Campbell Hatton: An Investment For The Future

Campbell Hatton: An Investment For The Future

Campbell Hatton will be under intense scrutiny for his entire professional career. The legacy of the Hatton fighting name will carry pressure and comparison, add to that the Matchroom platform he resides on, lesser men would crumble under the weight of expectation that Hatton has on those young shoulders.

To his credit Hatton has taken on a challenge he didn’t have to, he had other options. Losing his first three amateur fights could have convinced him to try something else, he didn’t, Hatton is here for the love of the sport. Brought up around boxing, Hatton wasn’t encouraged to follow the family trade, but probably inevitably, he was drawn to the Noble Art.

Hatton is still growing, physically he is nowhere near the finished article. There are elements of a boy competing in a man’s world, but in time, the man strength will come. Time, in many ways, is exactly what he needs. A relative short amateur career, the experience he will undoubtedly need in the professional ranks will have to be gained by competing in that exact arena. But with experience and knowledge in his corner, Hatton will grow in that department also.

We saw on his professional debut last month in Gibraltar the raw talent, but one that needs time, and probably plenty of it, to develop his skills to the level where he wants to go. There were nerves, a little too over eager to please. The big build-up he received, the excellent Sky documentary Blue Moon Rising added plenty to the pre-fight buzz, but maybe with hindsight, it was a little too much this early in his career. Hatton can be excused any mistakes on his debut, but it is now out of the way and the journey takes its next step on Saturday night on the latest Matchroom PPV. Hatton will have learned and will be an improved fighter because of that experience. In Manchester, we will see a little more of what we can expect in a few years time. The gains will be marginal, but they will be visible.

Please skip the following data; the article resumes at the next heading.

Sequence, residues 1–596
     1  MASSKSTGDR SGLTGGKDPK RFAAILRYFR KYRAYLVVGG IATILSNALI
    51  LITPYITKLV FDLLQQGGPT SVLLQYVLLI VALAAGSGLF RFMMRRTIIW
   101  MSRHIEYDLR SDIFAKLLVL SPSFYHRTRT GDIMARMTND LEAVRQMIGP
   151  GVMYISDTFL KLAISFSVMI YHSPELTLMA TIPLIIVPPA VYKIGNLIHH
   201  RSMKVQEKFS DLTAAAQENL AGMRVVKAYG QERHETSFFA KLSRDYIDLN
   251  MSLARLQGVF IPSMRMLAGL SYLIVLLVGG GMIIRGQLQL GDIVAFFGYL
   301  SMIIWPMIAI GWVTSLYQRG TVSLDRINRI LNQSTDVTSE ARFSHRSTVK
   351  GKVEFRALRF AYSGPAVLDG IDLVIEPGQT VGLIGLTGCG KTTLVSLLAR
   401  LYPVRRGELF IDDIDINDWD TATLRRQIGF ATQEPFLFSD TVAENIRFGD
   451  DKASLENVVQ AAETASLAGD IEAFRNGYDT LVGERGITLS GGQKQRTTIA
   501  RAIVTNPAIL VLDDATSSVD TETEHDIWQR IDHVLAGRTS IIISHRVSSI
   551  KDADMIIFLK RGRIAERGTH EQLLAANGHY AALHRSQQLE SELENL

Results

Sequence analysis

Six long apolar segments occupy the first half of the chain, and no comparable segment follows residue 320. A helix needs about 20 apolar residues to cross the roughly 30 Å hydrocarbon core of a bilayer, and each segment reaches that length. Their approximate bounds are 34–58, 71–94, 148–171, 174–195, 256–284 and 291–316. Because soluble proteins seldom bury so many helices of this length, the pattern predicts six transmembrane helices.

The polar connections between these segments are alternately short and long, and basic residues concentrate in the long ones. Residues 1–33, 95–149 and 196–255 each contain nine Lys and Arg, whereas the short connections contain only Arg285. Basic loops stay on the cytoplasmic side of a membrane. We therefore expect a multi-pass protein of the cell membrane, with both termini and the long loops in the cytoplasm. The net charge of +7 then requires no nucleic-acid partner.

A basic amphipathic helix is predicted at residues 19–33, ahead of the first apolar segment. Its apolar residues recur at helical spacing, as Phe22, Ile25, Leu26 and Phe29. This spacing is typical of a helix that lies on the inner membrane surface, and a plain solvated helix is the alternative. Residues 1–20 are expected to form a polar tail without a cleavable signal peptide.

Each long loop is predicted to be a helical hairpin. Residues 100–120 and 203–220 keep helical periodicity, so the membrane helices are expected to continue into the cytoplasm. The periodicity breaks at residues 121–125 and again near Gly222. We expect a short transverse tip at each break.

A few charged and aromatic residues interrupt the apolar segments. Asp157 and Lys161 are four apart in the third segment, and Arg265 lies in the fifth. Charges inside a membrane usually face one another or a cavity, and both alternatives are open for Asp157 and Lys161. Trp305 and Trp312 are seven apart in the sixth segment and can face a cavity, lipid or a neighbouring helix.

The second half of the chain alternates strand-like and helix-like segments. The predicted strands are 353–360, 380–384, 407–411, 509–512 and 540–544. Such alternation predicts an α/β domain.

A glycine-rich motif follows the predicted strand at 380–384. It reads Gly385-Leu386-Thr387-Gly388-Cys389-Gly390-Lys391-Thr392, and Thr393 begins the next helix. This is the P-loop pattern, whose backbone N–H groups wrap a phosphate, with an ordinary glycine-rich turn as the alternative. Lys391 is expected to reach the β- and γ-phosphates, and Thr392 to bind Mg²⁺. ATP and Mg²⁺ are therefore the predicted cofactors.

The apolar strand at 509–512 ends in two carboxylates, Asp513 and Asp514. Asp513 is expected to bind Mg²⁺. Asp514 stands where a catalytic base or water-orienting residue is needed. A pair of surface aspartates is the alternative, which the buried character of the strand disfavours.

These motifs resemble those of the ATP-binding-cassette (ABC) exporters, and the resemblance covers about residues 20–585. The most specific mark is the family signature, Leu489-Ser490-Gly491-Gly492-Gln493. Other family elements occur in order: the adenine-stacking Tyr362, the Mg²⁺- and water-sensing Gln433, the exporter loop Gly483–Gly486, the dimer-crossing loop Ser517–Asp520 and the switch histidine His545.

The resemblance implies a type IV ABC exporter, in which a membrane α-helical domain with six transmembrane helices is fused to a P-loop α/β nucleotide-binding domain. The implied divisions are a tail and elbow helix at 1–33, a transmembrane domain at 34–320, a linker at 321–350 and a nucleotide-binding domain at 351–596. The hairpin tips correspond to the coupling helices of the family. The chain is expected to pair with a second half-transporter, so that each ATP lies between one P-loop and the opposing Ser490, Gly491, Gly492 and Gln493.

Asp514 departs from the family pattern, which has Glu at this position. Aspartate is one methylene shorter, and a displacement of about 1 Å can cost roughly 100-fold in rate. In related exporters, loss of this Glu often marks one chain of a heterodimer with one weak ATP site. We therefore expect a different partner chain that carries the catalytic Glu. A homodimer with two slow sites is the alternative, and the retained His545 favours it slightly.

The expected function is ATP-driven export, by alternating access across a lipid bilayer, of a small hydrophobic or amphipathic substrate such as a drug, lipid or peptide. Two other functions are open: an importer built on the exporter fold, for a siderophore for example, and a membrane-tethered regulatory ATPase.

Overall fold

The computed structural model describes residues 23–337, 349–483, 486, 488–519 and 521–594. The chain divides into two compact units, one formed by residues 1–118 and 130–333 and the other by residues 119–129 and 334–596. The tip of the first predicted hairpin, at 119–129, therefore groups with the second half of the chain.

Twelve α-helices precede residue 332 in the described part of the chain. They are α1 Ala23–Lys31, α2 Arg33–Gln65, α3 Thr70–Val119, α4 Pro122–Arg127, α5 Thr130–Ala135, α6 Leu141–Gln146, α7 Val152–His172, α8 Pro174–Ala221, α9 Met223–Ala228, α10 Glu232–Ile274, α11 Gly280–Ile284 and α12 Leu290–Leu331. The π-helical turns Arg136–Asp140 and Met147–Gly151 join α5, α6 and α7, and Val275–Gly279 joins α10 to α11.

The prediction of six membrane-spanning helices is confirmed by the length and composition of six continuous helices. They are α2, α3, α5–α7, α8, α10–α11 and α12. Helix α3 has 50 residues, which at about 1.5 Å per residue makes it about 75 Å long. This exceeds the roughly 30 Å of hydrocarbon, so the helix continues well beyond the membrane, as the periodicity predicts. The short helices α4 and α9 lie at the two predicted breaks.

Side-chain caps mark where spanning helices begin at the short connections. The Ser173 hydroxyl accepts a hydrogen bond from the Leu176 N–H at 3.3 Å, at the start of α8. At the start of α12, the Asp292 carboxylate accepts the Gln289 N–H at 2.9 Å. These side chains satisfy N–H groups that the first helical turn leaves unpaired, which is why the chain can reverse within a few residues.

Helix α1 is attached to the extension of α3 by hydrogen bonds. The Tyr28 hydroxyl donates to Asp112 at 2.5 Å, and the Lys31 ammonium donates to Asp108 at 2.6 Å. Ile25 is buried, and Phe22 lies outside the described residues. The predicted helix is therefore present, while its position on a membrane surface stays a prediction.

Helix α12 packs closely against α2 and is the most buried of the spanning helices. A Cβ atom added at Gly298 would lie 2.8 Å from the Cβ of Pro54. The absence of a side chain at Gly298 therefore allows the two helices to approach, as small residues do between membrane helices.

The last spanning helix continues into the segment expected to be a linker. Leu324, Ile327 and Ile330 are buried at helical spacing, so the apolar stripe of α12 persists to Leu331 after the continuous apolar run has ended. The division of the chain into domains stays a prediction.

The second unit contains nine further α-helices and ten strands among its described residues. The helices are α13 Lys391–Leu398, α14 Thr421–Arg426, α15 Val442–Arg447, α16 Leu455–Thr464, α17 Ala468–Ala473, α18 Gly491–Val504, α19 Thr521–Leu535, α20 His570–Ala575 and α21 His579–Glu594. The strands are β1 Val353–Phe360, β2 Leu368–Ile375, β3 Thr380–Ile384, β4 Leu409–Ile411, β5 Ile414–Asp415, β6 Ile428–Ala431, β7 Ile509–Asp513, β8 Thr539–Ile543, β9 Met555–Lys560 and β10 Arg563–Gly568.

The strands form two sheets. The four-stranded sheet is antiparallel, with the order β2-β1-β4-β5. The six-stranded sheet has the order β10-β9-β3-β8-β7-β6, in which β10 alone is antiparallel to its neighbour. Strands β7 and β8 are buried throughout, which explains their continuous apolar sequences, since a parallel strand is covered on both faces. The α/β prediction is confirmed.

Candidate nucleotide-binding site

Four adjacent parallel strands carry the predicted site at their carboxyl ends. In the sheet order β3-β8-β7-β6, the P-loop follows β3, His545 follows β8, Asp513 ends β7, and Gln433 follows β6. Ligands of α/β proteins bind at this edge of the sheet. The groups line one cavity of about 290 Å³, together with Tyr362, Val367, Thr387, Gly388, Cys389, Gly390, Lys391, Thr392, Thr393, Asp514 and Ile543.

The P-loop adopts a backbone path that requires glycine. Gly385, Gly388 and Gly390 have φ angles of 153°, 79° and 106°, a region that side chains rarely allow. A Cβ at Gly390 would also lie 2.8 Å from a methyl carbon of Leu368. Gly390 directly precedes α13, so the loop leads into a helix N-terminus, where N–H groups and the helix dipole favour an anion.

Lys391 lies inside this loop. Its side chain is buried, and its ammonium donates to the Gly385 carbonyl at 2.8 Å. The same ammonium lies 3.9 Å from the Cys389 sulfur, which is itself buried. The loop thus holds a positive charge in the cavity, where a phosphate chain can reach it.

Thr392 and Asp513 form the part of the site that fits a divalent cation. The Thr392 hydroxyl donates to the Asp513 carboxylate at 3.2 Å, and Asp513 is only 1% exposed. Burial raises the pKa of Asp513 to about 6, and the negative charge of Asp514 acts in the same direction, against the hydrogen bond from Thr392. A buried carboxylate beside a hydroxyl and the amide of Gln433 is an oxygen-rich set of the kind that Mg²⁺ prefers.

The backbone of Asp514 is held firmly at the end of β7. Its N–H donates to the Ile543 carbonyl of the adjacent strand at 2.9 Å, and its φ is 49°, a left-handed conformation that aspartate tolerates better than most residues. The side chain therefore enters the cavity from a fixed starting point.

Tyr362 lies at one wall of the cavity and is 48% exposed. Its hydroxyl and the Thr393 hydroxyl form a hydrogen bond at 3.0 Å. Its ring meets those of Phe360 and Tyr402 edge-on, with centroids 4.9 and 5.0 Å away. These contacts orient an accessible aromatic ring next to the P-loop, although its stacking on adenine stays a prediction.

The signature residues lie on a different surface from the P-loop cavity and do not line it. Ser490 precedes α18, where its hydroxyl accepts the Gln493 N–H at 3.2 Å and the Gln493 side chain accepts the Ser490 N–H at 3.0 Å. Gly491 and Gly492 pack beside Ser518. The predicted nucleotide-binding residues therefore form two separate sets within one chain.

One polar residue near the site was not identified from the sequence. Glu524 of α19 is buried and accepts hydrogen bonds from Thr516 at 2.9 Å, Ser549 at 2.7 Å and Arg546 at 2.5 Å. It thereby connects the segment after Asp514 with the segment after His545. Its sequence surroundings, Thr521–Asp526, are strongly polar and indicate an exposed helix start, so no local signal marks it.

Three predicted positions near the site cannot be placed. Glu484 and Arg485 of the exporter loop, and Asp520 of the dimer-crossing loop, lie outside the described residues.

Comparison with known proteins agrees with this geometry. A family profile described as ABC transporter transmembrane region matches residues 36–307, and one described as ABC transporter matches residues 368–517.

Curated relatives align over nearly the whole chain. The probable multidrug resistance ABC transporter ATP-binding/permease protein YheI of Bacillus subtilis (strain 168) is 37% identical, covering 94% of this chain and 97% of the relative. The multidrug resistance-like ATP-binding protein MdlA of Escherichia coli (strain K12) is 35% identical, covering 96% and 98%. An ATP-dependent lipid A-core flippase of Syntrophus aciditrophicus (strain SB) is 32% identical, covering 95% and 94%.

Some might have expected the second coming of his legendary father, but that was always going to be a tough ask, for anyone, never mind his son. The flaws on display in Gibraltar will be of benefit going forward. The expectations will have lessened, but it gives Hatton breathing space.

Ideally, Hatton would learn his trade out of the spotlight away from the often brutal criticism of the bright lights. But opportunity has knocked, the massive platform will bring the opportunities. Hatton is an investment, a work in progress, the rewards are down the line.

Hatton has the wit of his father, the same likeable personality and seems level-headed enough to handle the pressure coming his way. With a young family, he has a little extra motivation for what lies ahead. In life and in the ring Hatton will have to grow, he says he thrives on the pressure, he will need to. Carrying the Hatton name will make him a big target, resentment and envy will be something he has to live with, something he seems more than capable of handling.

Ricky Hatton gave us many memories that will not fade, Matthew Hatton had more than his share of success, both are a hard act to follow. But Campbell, wants to create his own legacy, memories in his own right. Ambitions are big, the son thinks he can emulate his father and go the whole way. It is far too early to say he can’t.

Gibraltar was the first step, to get where he wants to go, there will be many more. Campbell Hatton is an investment for the future, there should be no rush to collect on that investment anytime soon.. Some will already have judged by what he showed on his debut, but Conor Benn would have been judged the exact same way in his early professional fights. Even Eddie Hearn recently admitted he had real doubts about his prodigy.

But Benn has since developed into a formidable fighter from that early indifference, Hatton should also be appraised when there is more of a resume to be judged on. The young apprentice has time on his hands, in a few years time we will know just how good he is, now is not the time to critique too harshly.

Photo Credit: Mark Robinson/Matchroom Boxing  

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